Today I’m really excited to have a guest post from Hannah Rounds! Hannah is a wife and mom who is working towards her version of the American Dream. This dream involves shifting her focus from career to family while creating opportunities for an encore career later in life. Her goal is to help other parents forage similar paths. She writes about this journey at Unplanned Finance.
Do you ever feel that if you were a more mindful person that all your financial problems would dissipate into a cloud of bliss?
Don’t worry, the problem isn’t you. Sometimes, despite your best efforts, the lifestyle you want simply will not fit in your budget. I know this because that’s where I am. I’m trying to leave my full time job to care for our son while my husband finishes grad school on a stipend of $20K per year. This is the framework my husband and I are using to redesign our lifestyle and our budget.
Is our lifestyle really well designed?
A well designed lifestyle starts with your hopes and dreams. Who do want to become? What lasting impact do you want to have on the world? What do you want your journey to look like? How you answer these questions will come down to your core values.
Your lifestyle should work in harmony with your budget, and by that I mean that the financial cost of your hopes and dreams is likely to clock in below the average median salary in the United States. When you think about it deeply, you will find that pursing what you value does not cost much money.
As a family, we’ve determined that we can pursue our core values for around $27K per year. I’m guessing that you could come up with a similarly small figure no matter where you live or what you value.
But life is more than lifestyle – we have obligations
Despite the fact that we need just $27K our desired budget is $35K. What’s with the 20% buffer? It’s “obligation money.” Obligation money doesn’t directly contribute to our current lifestyle, but we think we need this money to fulfill obligations.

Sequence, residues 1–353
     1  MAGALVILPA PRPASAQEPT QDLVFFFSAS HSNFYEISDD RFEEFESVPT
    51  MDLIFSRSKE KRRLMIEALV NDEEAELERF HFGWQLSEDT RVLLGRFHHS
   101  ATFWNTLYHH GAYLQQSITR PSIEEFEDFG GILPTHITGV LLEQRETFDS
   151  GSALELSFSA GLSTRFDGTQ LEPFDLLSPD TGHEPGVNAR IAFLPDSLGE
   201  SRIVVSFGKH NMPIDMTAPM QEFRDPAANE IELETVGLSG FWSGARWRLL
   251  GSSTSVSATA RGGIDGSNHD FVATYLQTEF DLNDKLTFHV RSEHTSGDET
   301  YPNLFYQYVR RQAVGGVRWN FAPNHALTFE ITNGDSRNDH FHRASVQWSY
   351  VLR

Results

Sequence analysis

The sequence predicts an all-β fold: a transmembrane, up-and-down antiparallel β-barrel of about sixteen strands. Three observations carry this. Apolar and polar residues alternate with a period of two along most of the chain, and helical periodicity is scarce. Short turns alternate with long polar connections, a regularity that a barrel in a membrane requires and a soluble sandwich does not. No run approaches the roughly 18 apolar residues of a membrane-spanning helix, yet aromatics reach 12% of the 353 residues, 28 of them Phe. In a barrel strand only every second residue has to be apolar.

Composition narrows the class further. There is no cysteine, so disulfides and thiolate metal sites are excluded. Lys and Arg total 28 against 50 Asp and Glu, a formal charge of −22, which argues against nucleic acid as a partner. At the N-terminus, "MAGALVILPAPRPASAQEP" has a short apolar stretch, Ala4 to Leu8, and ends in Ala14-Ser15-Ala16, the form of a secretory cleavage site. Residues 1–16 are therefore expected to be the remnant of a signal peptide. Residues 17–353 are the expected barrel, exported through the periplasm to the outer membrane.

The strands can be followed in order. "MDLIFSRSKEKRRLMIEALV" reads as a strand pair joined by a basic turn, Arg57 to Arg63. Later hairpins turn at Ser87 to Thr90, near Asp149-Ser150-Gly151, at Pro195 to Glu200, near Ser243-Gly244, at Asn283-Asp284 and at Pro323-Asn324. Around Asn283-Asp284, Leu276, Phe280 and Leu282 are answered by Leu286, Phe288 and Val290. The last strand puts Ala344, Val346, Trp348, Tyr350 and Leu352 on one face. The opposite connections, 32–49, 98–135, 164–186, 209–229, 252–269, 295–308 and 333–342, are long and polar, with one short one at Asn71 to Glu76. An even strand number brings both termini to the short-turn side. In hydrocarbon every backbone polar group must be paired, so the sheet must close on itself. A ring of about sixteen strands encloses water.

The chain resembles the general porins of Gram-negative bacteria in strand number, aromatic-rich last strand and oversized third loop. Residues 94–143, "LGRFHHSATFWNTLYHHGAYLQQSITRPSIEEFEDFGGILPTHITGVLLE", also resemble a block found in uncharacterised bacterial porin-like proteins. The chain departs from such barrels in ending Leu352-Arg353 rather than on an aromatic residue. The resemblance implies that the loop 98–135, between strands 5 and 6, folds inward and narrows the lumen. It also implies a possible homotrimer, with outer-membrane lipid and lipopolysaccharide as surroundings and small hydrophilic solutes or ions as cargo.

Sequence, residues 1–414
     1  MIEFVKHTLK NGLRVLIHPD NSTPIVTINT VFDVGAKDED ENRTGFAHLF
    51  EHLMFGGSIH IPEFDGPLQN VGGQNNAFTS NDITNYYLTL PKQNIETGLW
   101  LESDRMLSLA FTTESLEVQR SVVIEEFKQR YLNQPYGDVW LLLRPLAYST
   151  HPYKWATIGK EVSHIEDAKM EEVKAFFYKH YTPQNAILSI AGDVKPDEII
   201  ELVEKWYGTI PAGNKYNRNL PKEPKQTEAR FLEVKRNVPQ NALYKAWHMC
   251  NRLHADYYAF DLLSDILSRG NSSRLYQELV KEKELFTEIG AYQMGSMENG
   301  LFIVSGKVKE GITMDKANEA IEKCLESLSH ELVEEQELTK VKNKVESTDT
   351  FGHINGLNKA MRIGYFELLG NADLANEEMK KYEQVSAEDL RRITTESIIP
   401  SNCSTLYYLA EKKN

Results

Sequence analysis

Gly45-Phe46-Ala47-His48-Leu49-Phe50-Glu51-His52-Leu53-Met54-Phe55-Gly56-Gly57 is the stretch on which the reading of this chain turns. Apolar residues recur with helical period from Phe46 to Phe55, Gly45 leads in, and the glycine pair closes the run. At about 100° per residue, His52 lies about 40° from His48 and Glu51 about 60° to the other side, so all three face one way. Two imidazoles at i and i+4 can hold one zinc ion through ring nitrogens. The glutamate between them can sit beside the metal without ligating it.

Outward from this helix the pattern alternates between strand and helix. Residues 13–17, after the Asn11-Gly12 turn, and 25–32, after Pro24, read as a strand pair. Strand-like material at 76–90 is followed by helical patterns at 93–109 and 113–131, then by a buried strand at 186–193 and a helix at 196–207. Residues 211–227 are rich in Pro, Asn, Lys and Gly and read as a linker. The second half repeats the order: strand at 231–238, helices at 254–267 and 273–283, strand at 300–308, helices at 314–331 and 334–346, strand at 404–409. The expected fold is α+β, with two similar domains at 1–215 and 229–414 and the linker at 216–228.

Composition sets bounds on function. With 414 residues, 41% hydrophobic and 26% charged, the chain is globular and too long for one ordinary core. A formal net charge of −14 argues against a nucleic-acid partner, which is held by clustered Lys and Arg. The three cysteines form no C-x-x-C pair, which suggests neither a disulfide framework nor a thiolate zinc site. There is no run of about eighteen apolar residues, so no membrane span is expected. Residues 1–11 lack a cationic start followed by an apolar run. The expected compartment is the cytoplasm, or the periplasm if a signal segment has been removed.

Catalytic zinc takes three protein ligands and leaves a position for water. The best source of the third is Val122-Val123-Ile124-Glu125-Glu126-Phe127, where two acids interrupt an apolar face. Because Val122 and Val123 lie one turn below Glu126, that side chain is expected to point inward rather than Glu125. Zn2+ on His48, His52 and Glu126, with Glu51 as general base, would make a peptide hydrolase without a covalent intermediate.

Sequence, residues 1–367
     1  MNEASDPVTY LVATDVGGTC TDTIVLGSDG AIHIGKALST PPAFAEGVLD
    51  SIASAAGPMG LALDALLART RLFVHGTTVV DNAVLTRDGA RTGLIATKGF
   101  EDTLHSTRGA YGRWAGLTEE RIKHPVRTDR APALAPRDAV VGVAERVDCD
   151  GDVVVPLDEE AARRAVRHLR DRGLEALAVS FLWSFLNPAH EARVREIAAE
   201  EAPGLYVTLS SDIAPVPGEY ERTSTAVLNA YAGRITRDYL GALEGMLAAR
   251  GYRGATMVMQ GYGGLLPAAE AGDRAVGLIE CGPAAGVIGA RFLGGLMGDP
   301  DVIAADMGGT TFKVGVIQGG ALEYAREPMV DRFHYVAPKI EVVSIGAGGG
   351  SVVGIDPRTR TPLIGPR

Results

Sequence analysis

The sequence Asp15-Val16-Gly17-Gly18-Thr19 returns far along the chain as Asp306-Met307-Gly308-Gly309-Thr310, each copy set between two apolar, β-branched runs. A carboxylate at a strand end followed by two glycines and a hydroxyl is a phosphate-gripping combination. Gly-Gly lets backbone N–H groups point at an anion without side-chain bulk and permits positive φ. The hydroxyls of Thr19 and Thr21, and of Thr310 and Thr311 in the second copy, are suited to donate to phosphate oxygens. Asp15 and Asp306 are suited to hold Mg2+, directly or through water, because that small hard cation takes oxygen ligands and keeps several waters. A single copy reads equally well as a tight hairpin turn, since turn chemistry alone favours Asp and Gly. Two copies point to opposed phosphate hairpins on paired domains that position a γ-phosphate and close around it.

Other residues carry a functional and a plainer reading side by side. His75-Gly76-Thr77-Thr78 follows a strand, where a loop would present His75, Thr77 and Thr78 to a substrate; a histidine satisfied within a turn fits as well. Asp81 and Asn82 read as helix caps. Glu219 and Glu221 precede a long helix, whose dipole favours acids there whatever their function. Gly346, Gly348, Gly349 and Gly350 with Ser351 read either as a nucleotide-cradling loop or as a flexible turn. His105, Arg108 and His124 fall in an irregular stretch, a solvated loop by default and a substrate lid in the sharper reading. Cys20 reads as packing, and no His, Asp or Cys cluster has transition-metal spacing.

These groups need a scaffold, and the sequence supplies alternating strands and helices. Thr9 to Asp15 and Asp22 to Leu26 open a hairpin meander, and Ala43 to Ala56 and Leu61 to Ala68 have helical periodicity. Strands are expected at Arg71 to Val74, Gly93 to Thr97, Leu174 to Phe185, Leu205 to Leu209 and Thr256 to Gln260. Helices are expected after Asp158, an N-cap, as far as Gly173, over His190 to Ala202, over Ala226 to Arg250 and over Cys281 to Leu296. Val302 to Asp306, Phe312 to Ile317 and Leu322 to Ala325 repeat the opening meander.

Some obligations are well intentioned: investing for a child’s education or to care for yourself in old age, paying to visit aging parents, or helping a sibling pay for college.
Some obligations are social. You spend money to look and act a certain way that is accepted in your circle. You spend some money to host friends, to attend weddings, and to enroll your kid in a soccer league. You might travel to see family, or to exchange gifts on Christmas.
Some obligations just suck. You might pay high medical bills every year, or you may be stuck paying for past debts.
Are your obligations obligatory?
Question if these obligations are need to be part of your life or if you have the power to banish them (either temporarily or forever). If you can eliminate these obligations, but you haven’t, figure out why. I’m not saying you must banish all your obligations (we haven’t nor do we want to), but you may want to. You can pile on obligations to an infinite budget, it’s up to you to say no where you can.
If you can’t fit your lifestyle and your obligations into your budget, it’s reasonable to choose lifestyle first and obligations second. You can’t defer your necessary obligations forever, but you can for a limited time while you work on growing that budget.
Now Grow you Budget!
If you’ve designed your lifestyle and eliminated needless obligations, and you’re still coming up short then you need to earn more money in a manner that fits with your desired lifestyle. This requires understanding why you aren’t generating sufficient income. These are the broad problems I see:
- You aren’t earning enough per hour
- Your earning potential isn’t flexible enough
- You’re delusional from reading the 4 Hour Work Week
If you aren’t earning enough per hour.
If you are working enough hours, but you still can’t pay the bills, your goal should be to increase your earnings while keeping your hours the same. How can you do that?
1. Ask for a raise– If you pull comparable salaries and you’re at the low end, you have some bargaining power.